W3C home > Mailing lists > Public > public-xg-audio@w3.org > December 2010

Re: Music Notation on the Web

From: Dan Brickley <danbri@danbri.org>
Date: Sun, 12 Dec 2010 10:29:50 +0100
Message-ID: <AANLkTikunAiUcLiiKmmy3NR8kw_ABSO9i3+96ZAbkFO2@mail.gmail.com>
To: "Tom White (MMA)" <lists@midi.org>
Cc: public-xg-audio@w3.org
(Roger Cutler writes)
> > As Mr. Berkovitz says, Midi is pure performance data for electronic instruments.  Quoting from Wikipedia, “it sends event messages about pitch and intensity,
> > control signals for parameters such as volume, vibrato and panning, cues, and clock signals to set the tempo.”  That’s very different from a music score and
> > serves a different purpose.

On Sun, Dec 12, 2010 at 7:59 AM, Tom White (MMA) <lists@midi.org> wrote:
> But "Standard MIDI Files" store pitch and rhythm information for every note
> in a musical performance, from which it is possible for computer programs
> (including Sibelius and Finale) to create a musical score (one that is
> lacking in some formatting)... is that not what you are looking for?

Perhaps (given the focus of this list) also worth throwing in a
mention of the old .mod format,

"MOD is a computer file format used primarily to represent music, and
was the first module file format. MOD files use the “.MOD” file
extension, except on the Amiga where the original trackers instead use
a “mod.” prefix scheme, e.g. “mod.echoing”[citation needed]. A MOD
file contains a set of instruments in the form of samples, a number of
patterns indicating how and when the samples are to be played, and a
list of what patterns to play in what order."
Also http://en.wikipedia.org/wiki/Module_file

I tend to associate MOD files with cheesy video game music and the
retro 'demoscene' aesthetic, but as browser-based audio matures, the
combination of audio samples with musical data is sure to be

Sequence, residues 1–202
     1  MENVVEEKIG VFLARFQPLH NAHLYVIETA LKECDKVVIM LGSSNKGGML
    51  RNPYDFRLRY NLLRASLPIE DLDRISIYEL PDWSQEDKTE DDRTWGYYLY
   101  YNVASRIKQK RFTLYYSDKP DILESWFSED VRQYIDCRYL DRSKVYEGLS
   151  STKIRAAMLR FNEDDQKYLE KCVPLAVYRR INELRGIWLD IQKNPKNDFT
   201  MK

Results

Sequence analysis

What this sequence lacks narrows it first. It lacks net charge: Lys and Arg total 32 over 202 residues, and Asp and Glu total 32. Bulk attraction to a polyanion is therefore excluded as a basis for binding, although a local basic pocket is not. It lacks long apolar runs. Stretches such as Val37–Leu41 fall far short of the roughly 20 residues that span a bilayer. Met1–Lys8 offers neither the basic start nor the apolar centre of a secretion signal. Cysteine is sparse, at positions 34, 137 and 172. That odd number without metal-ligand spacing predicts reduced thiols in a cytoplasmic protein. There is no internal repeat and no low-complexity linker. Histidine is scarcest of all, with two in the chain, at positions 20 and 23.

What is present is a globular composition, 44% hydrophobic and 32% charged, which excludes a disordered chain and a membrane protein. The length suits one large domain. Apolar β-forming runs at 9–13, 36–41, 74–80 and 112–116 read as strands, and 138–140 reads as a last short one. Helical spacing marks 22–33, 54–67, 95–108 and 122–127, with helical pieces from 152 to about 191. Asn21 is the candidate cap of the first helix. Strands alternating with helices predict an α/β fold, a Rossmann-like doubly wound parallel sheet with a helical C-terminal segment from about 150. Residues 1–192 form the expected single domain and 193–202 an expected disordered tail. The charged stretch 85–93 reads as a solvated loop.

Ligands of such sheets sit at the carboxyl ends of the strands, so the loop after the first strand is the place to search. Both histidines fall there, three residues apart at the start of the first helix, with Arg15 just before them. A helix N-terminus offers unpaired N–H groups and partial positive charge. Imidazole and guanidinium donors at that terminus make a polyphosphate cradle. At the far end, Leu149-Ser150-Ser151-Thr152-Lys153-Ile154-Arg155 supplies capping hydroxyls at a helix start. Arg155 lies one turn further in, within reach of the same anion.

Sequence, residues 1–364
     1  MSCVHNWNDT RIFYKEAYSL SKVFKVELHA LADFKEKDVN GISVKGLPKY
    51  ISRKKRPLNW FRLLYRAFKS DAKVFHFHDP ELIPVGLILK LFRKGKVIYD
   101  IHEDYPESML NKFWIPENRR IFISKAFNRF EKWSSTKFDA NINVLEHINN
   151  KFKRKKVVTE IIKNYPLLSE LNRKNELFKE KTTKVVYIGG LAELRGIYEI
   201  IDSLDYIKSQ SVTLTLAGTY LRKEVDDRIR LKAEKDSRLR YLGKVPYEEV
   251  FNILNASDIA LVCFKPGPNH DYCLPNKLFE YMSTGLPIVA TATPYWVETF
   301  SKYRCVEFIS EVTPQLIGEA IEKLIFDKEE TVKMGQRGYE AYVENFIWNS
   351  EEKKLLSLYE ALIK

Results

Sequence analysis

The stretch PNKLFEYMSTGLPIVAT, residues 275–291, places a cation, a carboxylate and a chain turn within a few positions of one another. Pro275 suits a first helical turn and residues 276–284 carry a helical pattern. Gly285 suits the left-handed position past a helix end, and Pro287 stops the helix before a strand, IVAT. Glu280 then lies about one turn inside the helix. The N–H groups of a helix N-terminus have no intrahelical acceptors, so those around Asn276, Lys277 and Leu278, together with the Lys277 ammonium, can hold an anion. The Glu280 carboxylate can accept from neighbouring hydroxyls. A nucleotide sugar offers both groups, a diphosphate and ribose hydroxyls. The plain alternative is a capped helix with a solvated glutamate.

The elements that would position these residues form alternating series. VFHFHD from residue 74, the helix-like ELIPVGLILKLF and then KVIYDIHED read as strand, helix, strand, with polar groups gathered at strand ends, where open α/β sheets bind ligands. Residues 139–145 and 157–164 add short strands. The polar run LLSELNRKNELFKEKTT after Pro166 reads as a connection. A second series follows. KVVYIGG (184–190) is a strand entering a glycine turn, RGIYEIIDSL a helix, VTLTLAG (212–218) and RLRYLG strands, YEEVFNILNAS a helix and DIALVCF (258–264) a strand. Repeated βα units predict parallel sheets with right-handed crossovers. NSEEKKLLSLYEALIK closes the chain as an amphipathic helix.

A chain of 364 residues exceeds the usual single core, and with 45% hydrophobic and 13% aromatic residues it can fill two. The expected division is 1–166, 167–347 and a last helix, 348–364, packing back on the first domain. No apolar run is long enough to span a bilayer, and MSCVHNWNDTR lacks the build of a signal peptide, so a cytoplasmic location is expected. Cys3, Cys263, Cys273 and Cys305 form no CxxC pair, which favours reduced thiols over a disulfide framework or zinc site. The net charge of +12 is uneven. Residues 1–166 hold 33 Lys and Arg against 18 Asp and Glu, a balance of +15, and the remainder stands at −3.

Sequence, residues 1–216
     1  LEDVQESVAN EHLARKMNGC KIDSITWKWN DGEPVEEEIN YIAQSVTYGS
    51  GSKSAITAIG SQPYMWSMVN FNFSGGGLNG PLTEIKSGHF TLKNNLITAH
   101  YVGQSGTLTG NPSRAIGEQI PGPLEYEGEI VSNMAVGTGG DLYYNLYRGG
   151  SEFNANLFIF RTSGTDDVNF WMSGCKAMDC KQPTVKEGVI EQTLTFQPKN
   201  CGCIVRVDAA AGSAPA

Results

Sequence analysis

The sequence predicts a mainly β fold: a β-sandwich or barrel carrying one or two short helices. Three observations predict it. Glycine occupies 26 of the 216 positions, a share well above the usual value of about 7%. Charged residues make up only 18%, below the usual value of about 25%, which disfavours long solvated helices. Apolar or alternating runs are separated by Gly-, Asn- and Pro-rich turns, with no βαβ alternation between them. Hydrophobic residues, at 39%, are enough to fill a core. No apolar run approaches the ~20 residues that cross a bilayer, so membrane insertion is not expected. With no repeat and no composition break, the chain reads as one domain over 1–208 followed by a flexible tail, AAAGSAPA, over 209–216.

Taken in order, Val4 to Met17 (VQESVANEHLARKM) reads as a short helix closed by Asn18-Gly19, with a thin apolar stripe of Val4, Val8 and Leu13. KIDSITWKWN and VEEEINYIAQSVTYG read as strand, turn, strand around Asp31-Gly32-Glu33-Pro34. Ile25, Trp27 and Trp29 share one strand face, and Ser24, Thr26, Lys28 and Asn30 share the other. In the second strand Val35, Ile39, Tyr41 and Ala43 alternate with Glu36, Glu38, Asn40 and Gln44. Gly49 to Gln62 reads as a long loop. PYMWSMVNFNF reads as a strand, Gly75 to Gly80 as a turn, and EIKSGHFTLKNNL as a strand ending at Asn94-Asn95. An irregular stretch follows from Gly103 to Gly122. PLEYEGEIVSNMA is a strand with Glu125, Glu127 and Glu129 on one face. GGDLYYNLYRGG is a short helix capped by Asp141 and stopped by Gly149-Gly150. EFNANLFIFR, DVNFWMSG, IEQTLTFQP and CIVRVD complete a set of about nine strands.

revisited. The basic approach may be as relevant in schools as it is
to -say- ringtones or games.

>From http://en.wikipedia.org/wiki/Module_file
"A disadvantage of module files is that there is no real standard
specification in how the modules should be played back properly, which
may result in modules sounding slightly different in different
players. This is mostly due to effects that can be applied to the
samples in the module file and how the authors of different players
choose to implement them."

There seem to various versions and variations of '.mod" format(s), eg.

Coming back to the MIDI case (a standard that has a much stronger
professional aura around it, to be clear), that page notes

"Module files also give a list of the order in which to play the
patterns. However, the biggest advantage of MOD family over standard
MIDI files is that MODs include their own audio samples and should
sound exactly the same from one player to another (barring
interpolation methods and any errors in players)."

Is this still the case?  Looking again to Wikipedia (I hope these
pages are accurate...:)
lists a variety of MIDI-derrived formats, including one for "MIDI
Karaoke (.kar)" which is perhaps another use case to note here: song
lyrics, plus several that address 'downloadable sounds'. For lyrics,
the closest relevant W3C specification I know of is the Timed Text
format (http://www.w3.org/TR/ttaf1-dfxp/), which may be directly or
partially applicable here.

All that said, I'm very much out of my depth, and have no specialist
knowledge. I just have some feeling that these worlds are all about to
collide within the browser, so it might be worth poking around to see
what has worked and failed to work in each of these rather diverse


Received on Sunday, 12 December 2010 09:30:23 UTC

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